'Boyhood' tops Globes; 'Grand Budapest' upsets 'Birdman'
BEVERLY HILLS, Calif. (AP) The Golden Globes inched closer to legitimacy in its 72nd show, giving awards not just to A-List celebrities, but to the edgier productions that unequivocally deserved recognition, including "Boyhood," ''The Grand Budapest Hotel," and "Birdman."
Adding to the spirit of subversion was the recurring theme of free speech, which dominated the remarks of everyone from George Clooney to Jared Leto. Even hosts Tina Fey and Amy Poehler tackled a myriad of timely, and taboo, topics, including the Sony Hack, North Korea and Bill Cosby.
Perhaps this isn't a new mode for the Globes going forward, but on Sunday, the most readily mocked show of awards season transcended its party reputation to become something more, even if everything got started with the "Entourage" cast using the red carpet to film a scene for their upcoming movie.
As for what it all means for the Academy Awards, whose nominations are announced on Thursday, many fields seem more open than ever.
Richard Linklater's "Boyhood" dominated the Globes, winning the night's top honor, best drama, as well as best director for Linklater and best supporting actress for Patricia Arquette.
The 12-years-in-the-making indie effectively captivated audiences, critics, and the industry to become one of the year's major awards contenders a streak that could be solidified or destroyed when Oscar nominations are announced.
"Bottom line is we're all flawed in this world. No one's perfect," said Linklater. "I want to dedicate this to parents that are evolving everywhere and families that are just passing through this world and doing their best."
Tied with two wins each were Alejandro Gonzalez Inarritu's dark showbiz film "Birdman" and the Stephen Hawking biopic "The Theory of Everything," in which Eddie Redmayne emerged victorious in one of the evening's most hotly contested categories, best actor in a drama.
For his portrayal of famed theoretical physicist Stephen Hawking, Redmayne beat out Benedict Cumberbatch ("The Imitation Game"), Steve Carell ("Foxcatcher"), David Oyelowo ("Selma") and Jake Gyllenhaal ("Nightcrawler").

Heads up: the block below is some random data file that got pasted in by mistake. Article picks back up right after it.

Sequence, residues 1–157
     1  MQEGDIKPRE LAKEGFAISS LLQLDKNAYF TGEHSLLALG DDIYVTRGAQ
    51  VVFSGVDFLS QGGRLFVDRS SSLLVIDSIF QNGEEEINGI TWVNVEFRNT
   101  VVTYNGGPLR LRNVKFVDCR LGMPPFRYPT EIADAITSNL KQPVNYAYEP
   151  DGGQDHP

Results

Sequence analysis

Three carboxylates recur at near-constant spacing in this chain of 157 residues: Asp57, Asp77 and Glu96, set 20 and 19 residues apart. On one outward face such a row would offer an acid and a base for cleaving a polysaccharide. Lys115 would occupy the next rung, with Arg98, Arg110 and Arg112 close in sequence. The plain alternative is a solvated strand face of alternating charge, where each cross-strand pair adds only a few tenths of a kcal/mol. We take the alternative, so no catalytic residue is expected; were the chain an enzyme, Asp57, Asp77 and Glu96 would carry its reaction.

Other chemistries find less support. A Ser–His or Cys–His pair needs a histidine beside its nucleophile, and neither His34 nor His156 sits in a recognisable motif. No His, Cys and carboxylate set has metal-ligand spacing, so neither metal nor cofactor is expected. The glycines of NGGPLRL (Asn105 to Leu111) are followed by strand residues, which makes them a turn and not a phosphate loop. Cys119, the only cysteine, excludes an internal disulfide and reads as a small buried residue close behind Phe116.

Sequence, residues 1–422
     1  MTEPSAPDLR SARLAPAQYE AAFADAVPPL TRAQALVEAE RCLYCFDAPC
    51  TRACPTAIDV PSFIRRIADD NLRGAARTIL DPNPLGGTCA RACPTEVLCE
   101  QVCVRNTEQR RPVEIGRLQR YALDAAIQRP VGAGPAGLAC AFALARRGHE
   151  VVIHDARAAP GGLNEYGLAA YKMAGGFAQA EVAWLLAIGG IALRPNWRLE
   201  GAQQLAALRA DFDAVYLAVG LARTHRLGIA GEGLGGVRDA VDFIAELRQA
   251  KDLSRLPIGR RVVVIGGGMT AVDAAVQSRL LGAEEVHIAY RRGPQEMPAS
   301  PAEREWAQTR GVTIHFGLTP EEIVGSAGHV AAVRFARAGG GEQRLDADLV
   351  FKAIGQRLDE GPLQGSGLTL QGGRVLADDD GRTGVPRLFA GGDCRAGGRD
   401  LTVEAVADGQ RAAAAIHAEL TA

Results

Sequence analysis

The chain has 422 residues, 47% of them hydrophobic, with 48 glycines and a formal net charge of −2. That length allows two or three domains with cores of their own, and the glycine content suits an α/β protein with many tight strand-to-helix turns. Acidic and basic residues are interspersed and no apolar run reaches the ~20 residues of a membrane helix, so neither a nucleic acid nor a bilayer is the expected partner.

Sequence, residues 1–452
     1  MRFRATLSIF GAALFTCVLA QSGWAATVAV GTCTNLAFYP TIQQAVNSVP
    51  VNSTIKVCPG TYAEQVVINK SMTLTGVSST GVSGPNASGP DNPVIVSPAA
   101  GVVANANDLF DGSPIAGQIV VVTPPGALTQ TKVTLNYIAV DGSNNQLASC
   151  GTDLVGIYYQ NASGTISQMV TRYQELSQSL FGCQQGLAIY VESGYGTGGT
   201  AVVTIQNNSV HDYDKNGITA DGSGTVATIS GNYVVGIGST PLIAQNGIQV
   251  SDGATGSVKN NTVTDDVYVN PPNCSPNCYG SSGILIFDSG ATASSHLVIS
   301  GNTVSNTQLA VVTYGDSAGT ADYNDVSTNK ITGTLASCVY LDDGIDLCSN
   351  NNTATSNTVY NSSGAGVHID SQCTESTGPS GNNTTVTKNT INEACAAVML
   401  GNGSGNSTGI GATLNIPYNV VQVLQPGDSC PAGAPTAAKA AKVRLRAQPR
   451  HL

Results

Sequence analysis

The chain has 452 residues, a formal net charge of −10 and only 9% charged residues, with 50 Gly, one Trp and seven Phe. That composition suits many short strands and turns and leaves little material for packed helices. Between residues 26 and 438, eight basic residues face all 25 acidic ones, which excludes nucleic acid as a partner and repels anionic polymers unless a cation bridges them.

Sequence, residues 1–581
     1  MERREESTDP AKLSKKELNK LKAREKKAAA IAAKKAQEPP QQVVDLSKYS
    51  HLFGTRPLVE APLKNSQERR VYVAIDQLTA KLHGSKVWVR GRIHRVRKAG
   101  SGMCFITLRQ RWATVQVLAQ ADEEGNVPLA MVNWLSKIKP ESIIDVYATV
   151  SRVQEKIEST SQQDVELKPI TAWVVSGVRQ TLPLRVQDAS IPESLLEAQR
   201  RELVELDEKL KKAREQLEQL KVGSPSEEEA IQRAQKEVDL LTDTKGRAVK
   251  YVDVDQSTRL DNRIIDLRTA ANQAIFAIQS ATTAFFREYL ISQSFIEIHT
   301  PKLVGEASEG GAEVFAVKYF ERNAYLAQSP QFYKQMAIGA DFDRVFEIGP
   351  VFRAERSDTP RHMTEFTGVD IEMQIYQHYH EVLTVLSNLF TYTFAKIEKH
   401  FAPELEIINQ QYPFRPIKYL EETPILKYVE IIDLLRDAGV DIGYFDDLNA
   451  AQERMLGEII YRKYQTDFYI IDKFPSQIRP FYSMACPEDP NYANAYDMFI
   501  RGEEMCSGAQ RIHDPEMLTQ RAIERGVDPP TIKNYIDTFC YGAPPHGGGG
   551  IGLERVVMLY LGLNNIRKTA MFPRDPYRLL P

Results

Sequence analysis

While Michael Keaton took the best actor prize for "Birdman," the film flailed in the best comedy or musical category, losing out to Wes Anderson's "The Grand Budapest Hotel." Beloved by critics and audiences, Anderson's dark, whimsical fable was considered a bit of an underdog in the category and awards season on the whole.
Awards favorite Julianne Moore won best actress in a drama for her startling performance as an academic with early on-set Alzheimer's in "Still Alice," and Amy Adams surprised in taking best actress in a comedy or musical for portraying Margaret Keane in "Big Eyes."
Looking forward to Oscar nominations, the big question has become whether or not "The Imitation Game," ''Selma," or "Foxcatcher" can regain their footing in the race, and, if Angelina Jolie's "Unbroken," shut out at the Globes, could possibly emerge as a serious contender, too. All of the films have come under recent scrutiny for their fact-bending depiction of historical events.
Jessica Chastain, whose "Zero Dark Thirty" suffered the same sort of examination, said that the whole trend of fact-checking movies makes her really sad. "We don't make documentaries," she said on the red carpet.
But the tenor of the evening consistently catapulted back to current events.
In an opening blistering with zingers, hosts Fey and Poehler welcomed Hollywood's "despicable, spoiled, minimally talented brats" to the Globes to celebrate "all the movies that North Korea was OK with." On several occasions during the show, the duo visited with a North Korea government character, played by Margaret Cho, who expressed her displeasure with all aspects of the show.
Clooney, honored with a Cecil B. DeMille award, wore a "Je Suis Charlie" button on the lapel of his suit and seriously addressed both the terrorist attack in Paris and the Sony Hack. "This is a really important moment," Clooney said backstage. "We have to stand up together or we end up falling apart."
The television winners also suggested a current of the unexpected, with awards for Maggie Gyllenhaal for "The Honorable Woman," and Gina Rodriguez in CW's popular "Jane the Virgin."
AMC's adaptation of Joel and Ethan Coen's 1996 film, "Fargo," won best miniseries or movie, as well as best actor, miniseries or movie, for Billy Bob Thornton. It tied with Showtime's "The Affair," which came away with two nods.
Amazon, crashing the party like Netflix did before it, celebrated its first and second Golden Globe for the sexual identity comedy "Transparent," winning best TV series, musical or comedy. The show's star, Jeffery Tambor, landed best actor in the category, dedicating his award to the transgender community.
Led by Fey and Poehler, the Globes have been on a terrific upswing in recent years. Last year's awards drew 20.9 million viewers, the most since 2004. And accepting the Globe for original song for "Glory" in the civil rights drama "Selma," the rapper Common raised the status of the group behind the Globes even higher: "I want to thank God and the Hollywood Foreign Press."
Jake Coyle in New York and Anthony McCartney in Beverly Hills contributed to this report.